The world’s biggest country, in a magazine. Since 1956.
by Joseph D. Serio
After eschewing the term “mafia” to label Russian organized crime activity:
My preference is to avoid using the word ‘mafia’ altogether because it simply failed to do what language is meant to do: communicate specific meanings through words… the word ‘mafia’ in the former Soviet Union represented a phenomenon far broader and more diverse than that understood in the West, and, ultimately, is meaningless.
…Serio must relent. The book title employs the term, and he throws the word about throughout the book, repeatedly bemoaning its inaccuracy. It’s kind of like that old knife in the kitchen drawer you have been meaning to throw away for years, because it’s so ugly. But you can’t bring yourself to do it, because no other knife in your arsenal cuts a tomato as well.
The fact is, as Serio points out, Russia does not have, nor has it ever had a mafia, in the sense of a monolithic, centralized clan structure that pulls the levers of society. It has had many criminal groups, many of which could be labeled mafia-esque, be it in their modus operandi, attire or affectation; it has had a mafia-like government; it has had a legal and societal structure that encourages nothing so much as thievery and duplicity. But using the word and the idea we associate with mafia clouds the real picture, and that is that modern Russian crime “sprang forth from the fabric of Russian society and culture, the environment of survival.” As Serio quotes the Russian head of Interpol, Yuri Melnikov: “I don’t know what the fuss in the West is about the Russian ‘mafia.’ We’ve always been this way. It’s just that you’re finally fining out.”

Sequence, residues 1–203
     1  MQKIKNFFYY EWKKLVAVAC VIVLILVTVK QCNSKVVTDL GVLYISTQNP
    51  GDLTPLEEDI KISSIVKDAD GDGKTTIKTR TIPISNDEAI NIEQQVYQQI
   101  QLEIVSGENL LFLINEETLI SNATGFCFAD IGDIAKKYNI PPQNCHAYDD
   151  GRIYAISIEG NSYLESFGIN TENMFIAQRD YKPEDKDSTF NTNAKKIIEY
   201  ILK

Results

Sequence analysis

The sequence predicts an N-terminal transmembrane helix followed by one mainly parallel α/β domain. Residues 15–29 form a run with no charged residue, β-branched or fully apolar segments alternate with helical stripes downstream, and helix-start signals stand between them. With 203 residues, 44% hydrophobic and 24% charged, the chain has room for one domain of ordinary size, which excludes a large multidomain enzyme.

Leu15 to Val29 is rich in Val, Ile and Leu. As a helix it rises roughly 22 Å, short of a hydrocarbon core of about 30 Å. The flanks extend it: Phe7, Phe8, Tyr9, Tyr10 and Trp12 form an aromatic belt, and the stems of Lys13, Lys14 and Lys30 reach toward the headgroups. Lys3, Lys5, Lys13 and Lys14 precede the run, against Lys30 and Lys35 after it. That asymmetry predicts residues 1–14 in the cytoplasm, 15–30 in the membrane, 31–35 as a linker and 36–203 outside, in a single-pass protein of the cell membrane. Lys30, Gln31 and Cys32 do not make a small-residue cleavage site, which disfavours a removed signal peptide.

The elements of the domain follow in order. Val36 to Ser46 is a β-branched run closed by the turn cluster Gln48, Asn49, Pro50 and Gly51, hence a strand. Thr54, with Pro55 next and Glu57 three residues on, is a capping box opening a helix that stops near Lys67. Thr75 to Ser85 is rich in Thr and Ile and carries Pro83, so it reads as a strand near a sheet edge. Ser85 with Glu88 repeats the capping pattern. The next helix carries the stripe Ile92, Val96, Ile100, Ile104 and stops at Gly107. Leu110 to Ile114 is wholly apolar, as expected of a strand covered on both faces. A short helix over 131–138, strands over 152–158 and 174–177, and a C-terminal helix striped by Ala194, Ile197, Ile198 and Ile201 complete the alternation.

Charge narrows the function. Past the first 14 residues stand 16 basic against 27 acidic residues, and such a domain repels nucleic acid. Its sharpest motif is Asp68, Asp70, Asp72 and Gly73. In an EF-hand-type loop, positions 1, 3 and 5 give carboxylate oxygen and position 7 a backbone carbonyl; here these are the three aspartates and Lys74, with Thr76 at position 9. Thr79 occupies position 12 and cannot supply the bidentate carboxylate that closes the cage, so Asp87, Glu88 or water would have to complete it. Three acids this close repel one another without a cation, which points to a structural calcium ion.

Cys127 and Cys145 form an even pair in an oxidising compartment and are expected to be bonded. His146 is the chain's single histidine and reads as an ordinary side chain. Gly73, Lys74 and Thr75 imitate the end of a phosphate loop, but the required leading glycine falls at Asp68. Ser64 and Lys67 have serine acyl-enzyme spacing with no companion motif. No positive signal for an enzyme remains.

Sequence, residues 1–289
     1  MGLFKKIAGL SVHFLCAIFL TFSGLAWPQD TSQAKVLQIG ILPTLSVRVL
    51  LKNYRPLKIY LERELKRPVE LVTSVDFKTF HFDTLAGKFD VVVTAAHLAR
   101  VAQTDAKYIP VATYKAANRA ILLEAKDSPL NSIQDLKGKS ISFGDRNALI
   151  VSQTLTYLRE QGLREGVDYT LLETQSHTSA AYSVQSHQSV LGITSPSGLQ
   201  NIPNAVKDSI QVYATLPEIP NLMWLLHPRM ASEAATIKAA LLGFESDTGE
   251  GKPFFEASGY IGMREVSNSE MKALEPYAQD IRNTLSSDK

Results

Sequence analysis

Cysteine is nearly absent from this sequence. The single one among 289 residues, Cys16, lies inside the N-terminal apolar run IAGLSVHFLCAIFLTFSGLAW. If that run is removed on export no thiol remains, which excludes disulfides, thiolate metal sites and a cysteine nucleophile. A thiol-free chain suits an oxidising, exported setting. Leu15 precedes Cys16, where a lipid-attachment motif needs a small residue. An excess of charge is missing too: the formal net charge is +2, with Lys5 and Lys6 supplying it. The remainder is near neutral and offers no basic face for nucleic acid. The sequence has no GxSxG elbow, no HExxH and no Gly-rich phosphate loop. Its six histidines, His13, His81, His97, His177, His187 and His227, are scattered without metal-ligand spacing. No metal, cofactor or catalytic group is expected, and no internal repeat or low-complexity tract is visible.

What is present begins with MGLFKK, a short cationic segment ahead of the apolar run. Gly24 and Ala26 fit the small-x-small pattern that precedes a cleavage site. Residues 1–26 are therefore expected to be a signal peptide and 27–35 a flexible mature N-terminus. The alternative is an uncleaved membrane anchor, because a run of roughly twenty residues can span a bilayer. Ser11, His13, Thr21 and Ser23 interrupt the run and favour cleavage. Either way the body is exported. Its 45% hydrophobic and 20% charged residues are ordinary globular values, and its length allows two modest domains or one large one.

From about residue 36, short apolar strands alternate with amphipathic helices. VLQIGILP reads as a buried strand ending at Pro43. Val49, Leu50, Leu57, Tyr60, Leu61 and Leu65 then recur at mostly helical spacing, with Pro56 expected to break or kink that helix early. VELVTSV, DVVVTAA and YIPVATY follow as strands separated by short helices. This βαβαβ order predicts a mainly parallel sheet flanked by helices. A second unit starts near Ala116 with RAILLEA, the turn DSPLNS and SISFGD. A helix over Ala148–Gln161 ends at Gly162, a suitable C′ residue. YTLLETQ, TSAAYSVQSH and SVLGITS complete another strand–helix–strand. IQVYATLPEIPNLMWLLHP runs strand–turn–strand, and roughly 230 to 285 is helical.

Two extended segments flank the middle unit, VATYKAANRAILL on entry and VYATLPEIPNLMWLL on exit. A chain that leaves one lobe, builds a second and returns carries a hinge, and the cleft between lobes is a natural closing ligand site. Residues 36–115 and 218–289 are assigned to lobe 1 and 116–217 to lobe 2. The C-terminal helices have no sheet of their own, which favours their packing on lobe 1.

Serio was present at the creation, embedded in the Russian Ministry of Internal Affairs in the early 1990s as a liaison with U.S. law enforcement bodies. And this book, meant to be an introduction for businessmen and criminal justice types, bears the fruit of that experience, peppered as it is with fascinating first-hand anecdotes from the undersides of countless Russian rocks. This book should be required reading for anyone spending any time in Russia – certainly journalists and business people posted there, and students as well. Aside from the well-documented account of the lawless 1990s, it offers a rich history of Russian criminal life, from the times of Ivan the Terrible through to the Vory v zakone.
Reviewed in Russian Life: July/Aug 2008